In Conversation: Audacious Aunties
With national lockdowns and far more free time than we had been used to, more students than ever are starting up podcasts. A really fun way to share ideas and spark conversation, there are so many great ones local to Edinburgh run by students that we just had to chat with them. Starting off, we want to introduce you to Audacious Aunties by Mavir Dobb and Asyia Iftikhar, who have embarked on their third sensational season.
K: Let’s start off easy: When did you guys start the podcast? What made you decide to do it? Why this particular subject?
M: We started it out in the summer of 2019, after spending a long time thinking and chatting about all we had learnt at University in our first year; we were both unimpressed about how our curriculum hadn't really widened up to the world and was incredibly Western-centric. I study History and Spanish and Asyia does Classics and while they tried a little, neither were quite there. It’s frustrating for me that we’re at such a high level of education and nothing was being done to try and decolonise the curriculum; if it isn’t happening at university it won’t be happening at any of the lower levels. We also thought it would be a really great learning curve for us both; you’ll see in the podcast we don’t act as though we are professionals, we genuinely are just going on this learning curve with our listeners. It’s been really fun, I think especially within the arts which are considered to be heavily whitewashed. I know within countries like the UK its hard for people of colour to feel as though they are being seen and represented, but we’re able to show that art is happening everywhere. It’s nice to open people’s eyes to just how diverse the arts can be.
A: I honestly couldn’t add any more. Manny’s genuinely summed it up perfectly.
K: I love that. I do History too with English and we’re actively trying to write to the people higher up about how they need to change things. Do you think Edinburgh specifically is particularly bad and lagging behind? Within both the university and beyond?
M: I think they are trying but sometimes I feel as though it's tokenistic; I remember in first year we had a course in medieval worlds. You’d think the course would be about the world because it literally says so in the title but they spent barely two lectures talking about what was happening outside of Europe. If the course is 22 lectures, it's really upsetting that we weren’t learning more. I’m in my third year now and I look at all the courses and whilst there’s a couple which are really good and very interesting when you look at them compared to the endless list of Western courses, it’s really problematic. I find it funny that there are courses dedicated to tiny moments in Western history, but there’s nothing that goes into that level of focus for the rest of the world.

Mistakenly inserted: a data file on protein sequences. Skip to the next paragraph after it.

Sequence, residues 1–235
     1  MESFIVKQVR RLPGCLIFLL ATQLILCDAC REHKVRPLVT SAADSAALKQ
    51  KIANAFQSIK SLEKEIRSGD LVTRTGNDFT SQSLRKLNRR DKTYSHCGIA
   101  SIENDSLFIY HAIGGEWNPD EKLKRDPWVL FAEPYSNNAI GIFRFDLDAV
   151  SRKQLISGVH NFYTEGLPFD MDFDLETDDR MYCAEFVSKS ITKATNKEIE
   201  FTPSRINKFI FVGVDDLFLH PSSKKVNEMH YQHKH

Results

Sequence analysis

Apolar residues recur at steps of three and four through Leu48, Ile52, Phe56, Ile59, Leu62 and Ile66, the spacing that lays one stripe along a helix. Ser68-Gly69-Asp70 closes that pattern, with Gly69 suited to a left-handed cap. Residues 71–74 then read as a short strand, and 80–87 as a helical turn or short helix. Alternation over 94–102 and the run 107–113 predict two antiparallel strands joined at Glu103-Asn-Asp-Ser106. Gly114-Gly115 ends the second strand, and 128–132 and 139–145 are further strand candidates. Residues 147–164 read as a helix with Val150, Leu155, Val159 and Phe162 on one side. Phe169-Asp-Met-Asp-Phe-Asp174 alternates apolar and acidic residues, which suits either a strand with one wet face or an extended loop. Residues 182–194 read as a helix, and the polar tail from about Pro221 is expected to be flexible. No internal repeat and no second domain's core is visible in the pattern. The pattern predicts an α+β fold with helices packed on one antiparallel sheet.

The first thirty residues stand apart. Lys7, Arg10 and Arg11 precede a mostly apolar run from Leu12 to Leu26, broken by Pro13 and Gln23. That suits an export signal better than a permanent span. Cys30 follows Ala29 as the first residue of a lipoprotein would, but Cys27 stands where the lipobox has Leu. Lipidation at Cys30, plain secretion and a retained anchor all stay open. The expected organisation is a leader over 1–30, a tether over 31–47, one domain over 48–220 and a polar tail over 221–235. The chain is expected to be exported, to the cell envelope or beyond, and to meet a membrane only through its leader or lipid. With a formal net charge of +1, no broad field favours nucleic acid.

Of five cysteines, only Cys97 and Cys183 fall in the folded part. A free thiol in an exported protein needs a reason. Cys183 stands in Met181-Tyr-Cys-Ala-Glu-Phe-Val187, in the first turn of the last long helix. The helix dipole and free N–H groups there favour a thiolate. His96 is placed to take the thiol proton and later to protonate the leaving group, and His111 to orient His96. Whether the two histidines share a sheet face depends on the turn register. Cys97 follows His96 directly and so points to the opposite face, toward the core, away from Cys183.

K: You can’t really specialise till honours level either so for all the first and second years, you only have what they feed to you. I’m not sure about Classics but within History and English, you can’t delve into things at all.
A: It’s much the same really, you have a lot of compulsory stuff but we are given the opportunity to do some modules outside of the discipline. Often though they are very competitive so a lot of the ones I applied to I just didn’t get into because they were either already full or other students were given priority. I feel it’s very much for show; if you say to the department that you want more modules on something else they just dismiss it, saying that you do have the option. We don’t really though.
M: The fact that it is so oversubscribed in itself shows that there are people who want to learn about what’s happening!
A: Exactly. It’s infuriating.
K: It’s important they try but it's so clear that there is just so much more that can and that should be done. I wonder if perhaps five years or so down the line whether or not things will have changed. I have this very real hope that things will change for the better-especially amongst students there is a clear demand for change. I just hope it does happen and the people higher up listen.
M: Me too. I see there is this sort of attitude where they are patting themselves on the back thinking they have achieved it but clearly it’s not true. I think though at the moment with the added pressure of things like BLM and student protesting they will be forced to reanalyse the systematic racism in their departments.
K: Goodness. Right, on a much happier note, the podcast! I absolutely love it; I’ve not found anything else like it and I love that it is so unique. There isn’t anyone else really who does what you guys do. I’m a big fan of the student podcast scene right now but especially in Edinburgh, I don’t see the diversity that we have in the city.
K: What are your hopes with it? Where do you see it going? I know the third season is upcoming but have you got any exciting things planned? What’s in the pipeline?
A: Well! I guess it is kinda fitting that we are doing another season during this lockdown period; it’s funny because our last season was pushed on by the last lockdown. We are sort of hoping to expand out of just looking at specific areas of art and moving into wider movements which we think is quite relevant to what we have been seeing over the last couple of months. At its core though, no matter how many seasons we do it’ll always be us laughing over art, which I think is beautiful.
M: We have to though don’t we, otherwise you’re always going to be inundated with stories of people of colour going through things. It’s always about the problem, whereas with us we’re showing that we actually can smile and have a giggle too.